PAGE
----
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Western Victorian waste-recovery leader urges: ‘Keep recycling’

La Vergne Lehmann.

La Vergne Lehmann.


By DEAN LAWSON
A western Victorian waste-recovery leader has called on people across the region to continue recycling efforts despite uncertainty surrounding the industry.
In fact Grampians Central West Waste and Resource Recovery Group executive officer La Vergne Lehmann said circumstances demanded an even greater need for everyday householders to correctly separate their waste.
She said instead of a Chinese import ban of co-mingled recycling waste being an end to recycling in western Victoria and other parts of Australia, it represented an opportunity for the industry to become more targeted and efficient.
“The bottom line is that we want people to continue to recycle and for all of us to do it not only better, but properly,” she said.
“It is likely that the nature of the industry will have to change and business models will have to adapt to a new reality. Although a third of our recycled products go to China there are still markets in Victoria that remain buoyant. But what we know is that the better we are at providing a quality recycled product, which means having less contamination at the source, the stronger position the industry can operate.
“Recycling is like any other export industry, such as mining and agriculture, and subject to world markets.
“We have to accept that markets for plastic, glass, metal and paper will fluctuate and adapt our practices to meet changes in demand.” Horsham, Ararat, Northern Grampians, Hindmarsh, Yarriambiack and West Wimmera municipalities operate waste-collection services alongside Central West Waste and Resource Recovery Group. Many will be directly affected by recycling exporter Visy informing bin-collection contractor Wheelie Waste that because of the Chinese ban it will stop accepting recycled waste from Friday.
Municipal leaders across the country fear that Australia faces heavy financial costs if the industry stumbles towards the brink of collapse.
Failure to find markets for recycled waste will lead to either storing recyclables, which many councils have already decided to do in the short term, or treating them as general landfill waste – expensive and unsustainable.
Ms Lehmann said she remained confident a workable resolution would emerge and if anything, the issue would provide a catalyst to unearthing fresh opportunities.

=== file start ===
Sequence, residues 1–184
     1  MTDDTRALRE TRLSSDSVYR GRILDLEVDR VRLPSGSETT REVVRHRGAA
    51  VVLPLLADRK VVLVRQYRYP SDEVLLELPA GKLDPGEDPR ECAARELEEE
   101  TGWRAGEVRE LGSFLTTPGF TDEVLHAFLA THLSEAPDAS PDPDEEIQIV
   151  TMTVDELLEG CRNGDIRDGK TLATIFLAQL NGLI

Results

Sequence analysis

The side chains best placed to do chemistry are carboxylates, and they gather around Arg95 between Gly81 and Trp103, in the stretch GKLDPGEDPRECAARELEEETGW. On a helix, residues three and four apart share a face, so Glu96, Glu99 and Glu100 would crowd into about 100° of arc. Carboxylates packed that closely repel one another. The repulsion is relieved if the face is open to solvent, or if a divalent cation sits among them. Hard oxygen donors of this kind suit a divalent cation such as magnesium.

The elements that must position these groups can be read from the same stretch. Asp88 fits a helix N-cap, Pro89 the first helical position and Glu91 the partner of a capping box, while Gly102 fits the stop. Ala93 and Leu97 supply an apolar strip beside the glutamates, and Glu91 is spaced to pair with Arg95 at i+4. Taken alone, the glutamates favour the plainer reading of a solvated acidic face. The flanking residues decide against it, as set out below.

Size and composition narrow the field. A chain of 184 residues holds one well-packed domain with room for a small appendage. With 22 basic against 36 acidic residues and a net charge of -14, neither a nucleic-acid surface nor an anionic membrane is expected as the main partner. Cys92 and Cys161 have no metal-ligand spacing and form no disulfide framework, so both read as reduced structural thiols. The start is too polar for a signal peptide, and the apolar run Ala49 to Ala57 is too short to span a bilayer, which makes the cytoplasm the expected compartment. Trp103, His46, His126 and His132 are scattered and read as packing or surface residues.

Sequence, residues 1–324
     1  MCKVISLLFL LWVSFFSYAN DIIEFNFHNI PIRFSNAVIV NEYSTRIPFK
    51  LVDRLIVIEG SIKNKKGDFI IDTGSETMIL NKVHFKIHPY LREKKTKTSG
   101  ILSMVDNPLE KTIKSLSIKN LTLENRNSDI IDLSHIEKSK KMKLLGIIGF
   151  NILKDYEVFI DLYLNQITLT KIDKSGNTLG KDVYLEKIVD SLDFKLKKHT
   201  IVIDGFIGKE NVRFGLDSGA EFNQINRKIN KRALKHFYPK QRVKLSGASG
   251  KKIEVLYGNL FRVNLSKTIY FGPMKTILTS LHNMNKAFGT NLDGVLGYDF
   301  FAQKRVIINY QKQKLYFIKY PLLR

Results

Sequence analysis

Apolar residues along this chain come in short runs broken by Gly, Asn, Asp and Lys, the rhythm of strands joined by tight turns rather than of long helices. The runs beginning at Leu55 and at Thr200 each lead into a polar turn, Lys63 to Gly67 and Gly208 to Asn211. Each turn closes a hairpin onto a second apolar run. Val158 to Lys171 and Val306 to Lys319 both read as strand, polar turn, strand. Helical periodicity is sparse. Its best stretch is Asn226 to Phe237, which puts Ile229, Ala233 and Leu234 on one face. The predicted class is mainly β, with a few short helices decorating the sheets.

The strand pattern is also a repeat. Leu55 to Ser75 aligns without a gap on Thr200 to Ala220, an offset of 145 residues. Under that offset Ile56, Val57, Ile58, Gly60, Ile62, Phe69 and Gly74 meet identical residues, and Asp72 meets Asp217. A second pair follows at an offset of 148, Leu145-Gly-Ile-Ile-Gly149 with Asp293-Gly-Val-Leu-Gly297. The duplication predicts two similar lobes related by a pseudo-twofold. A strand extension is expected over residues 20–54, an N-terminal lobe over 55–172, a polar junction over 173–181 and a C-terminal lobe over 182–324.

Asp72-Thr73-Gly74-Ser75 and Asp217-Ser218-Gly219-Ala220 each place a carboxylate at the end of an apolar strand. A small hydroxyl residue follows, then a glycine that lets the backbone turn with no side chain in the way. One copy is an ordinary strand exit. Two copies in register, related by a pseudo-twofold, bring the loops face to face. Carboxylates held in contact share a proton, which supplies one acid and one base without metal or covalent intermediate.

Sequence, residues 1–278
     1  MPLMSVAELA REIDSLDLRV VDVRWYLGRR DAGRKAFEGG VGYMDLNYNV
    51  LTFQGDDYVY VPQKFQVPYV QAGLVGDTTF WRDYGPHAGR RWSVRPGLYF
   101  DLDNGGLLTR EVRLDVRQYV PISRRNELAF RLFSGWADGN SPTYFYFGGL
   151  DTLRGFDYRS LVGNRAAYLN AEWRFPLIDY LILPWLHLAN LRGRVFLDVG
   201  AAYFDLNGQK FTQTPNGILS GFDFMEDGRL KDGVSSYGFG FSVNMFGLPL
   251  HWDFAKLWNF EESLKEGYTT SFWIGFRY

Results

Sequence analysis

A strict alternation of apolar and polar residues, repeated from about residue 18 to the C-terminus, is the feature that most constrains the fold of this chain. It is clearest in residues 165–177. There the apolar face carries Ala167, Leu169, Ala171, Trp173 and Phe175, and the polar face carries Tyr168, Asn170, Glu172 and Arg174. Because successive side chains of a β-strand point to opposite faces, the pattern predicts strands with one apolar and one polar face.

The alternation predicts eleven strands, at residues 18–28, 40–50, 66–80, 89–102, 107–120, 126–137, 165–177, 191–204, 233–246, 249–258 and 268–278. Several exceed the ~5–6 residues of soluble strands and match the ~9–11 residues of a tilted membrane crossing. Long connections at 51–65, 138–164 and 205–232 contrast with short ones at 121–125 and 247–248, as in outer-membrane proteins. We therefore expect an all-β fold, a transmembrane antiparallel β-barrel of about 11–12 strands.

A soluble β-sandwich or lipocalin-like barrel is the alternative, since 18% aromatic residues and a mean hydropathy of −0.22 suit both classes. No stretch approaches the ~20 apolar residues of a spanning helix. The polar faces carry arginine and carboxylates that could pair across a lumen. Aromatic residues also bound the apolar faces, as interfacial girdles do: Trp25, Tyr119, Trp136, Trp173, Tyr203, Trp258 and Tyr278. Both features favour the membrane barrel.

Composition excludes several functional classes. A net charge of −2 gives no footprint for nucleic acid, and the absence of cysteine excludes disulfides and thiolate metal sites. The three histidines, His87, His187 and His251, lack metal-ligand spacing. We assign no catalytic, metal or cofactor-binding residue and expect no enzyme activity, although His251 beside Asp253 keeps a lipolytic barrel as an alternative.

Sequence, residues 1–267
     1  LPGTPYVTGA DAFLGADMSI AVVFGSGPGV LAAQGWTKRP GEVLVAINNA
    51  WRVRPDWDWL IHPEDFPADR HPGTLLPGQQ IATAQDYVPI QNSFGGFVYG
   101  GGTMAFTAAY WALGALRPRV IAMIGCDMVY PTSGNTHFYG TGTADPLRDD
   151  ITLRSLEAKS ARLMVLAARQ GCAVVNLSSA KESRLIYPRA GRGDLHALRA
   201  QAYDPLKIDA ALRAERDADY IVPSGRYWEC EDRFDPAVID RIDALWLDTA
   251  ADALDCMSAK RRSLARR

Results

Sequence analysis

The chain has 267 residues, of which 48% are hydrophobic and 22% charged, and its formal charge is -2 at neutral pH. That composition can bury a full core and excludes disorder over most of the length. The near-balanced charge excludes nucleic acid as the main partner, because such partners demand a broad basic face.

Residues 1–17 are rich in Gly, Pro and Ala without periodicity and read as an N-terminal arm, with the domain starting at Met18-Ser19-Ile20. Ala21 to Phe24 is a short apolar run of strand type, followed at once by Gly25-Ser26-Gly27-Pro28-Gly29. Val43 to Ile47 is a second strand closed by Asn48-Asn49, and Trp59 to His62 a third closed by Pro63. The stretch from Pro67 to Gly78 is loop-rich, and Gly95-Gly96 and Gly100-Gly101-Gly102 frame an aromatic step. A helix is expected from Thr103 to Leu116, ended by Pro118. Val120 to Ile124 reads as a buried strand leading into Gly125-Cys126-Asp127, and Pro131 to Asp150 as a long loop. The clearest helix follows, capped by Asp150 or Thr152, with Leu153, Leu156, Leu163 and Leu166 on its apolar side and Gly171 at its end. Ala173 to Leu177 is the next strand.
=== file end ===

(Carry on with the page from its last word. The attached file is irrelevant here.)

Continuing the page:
Complacent
“This has been coming for some time. Like everything we get complacent. But every person has skin in this game,” Ms Lehmann said.
“We all create waste and these days, considering how much waste we produce, it’s not acceptable to say we can just dig a hole to get rid of it.
“The reality is that much of this material has considerable value and opportunities to capitalise on these values are constantly emerging.
“For us, it’s a matter of working out the best for the region and how best to manage it all.
“We have been working with councils to first understand individual issues, because circumstances can differ greatly. But everyone has a positive attitude and are committed to working with government to find resolutions.
“We’re all working to make sure our waste has places to go. There might be some short-term stockpiling required and councils are looking at that option. But we’re confident of finding long-term solutions.
“People realise that things don’t happen overnight. We’d love to be able to snap our fingers, but we don’t have that type of magic.
“The reality is that everyone is sitting at the table working on this and no one has thrown up their hands and walked away from the problem, and that gives me a lot of confidence.”
Grampians Central West WRRG is a statutory authority that provides a link between state and local governments and industry and 12 municipal councils.
Horsham has the largest recycling program in the Wimmera and mayor Pam Clarke echoed Ms Lehmann’s call for people to continue separating their rubbish.
“Yes, the message is definitely for people to keep up recycling. Everyone is working on it and we will find a solution,” she said.
Cr Clarke said that everyday people could play a major role in working through the issue – by being careful with what they placed in their recycling bin to buying recycled products.
“We not only need to be smarter in how we dispose of things, but also in what we buy,” she said.

The entire February 7, 2018 edition of The Weekly Advertiser is available online. READ IT HERE!

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Posted on Feb 7 2018

Posted by on Feb 7 2018. Filed under Community, Education, Environment, News. You can follow any responses to this entry through the RSS 2.0. You can leave a response or trackback to this entry

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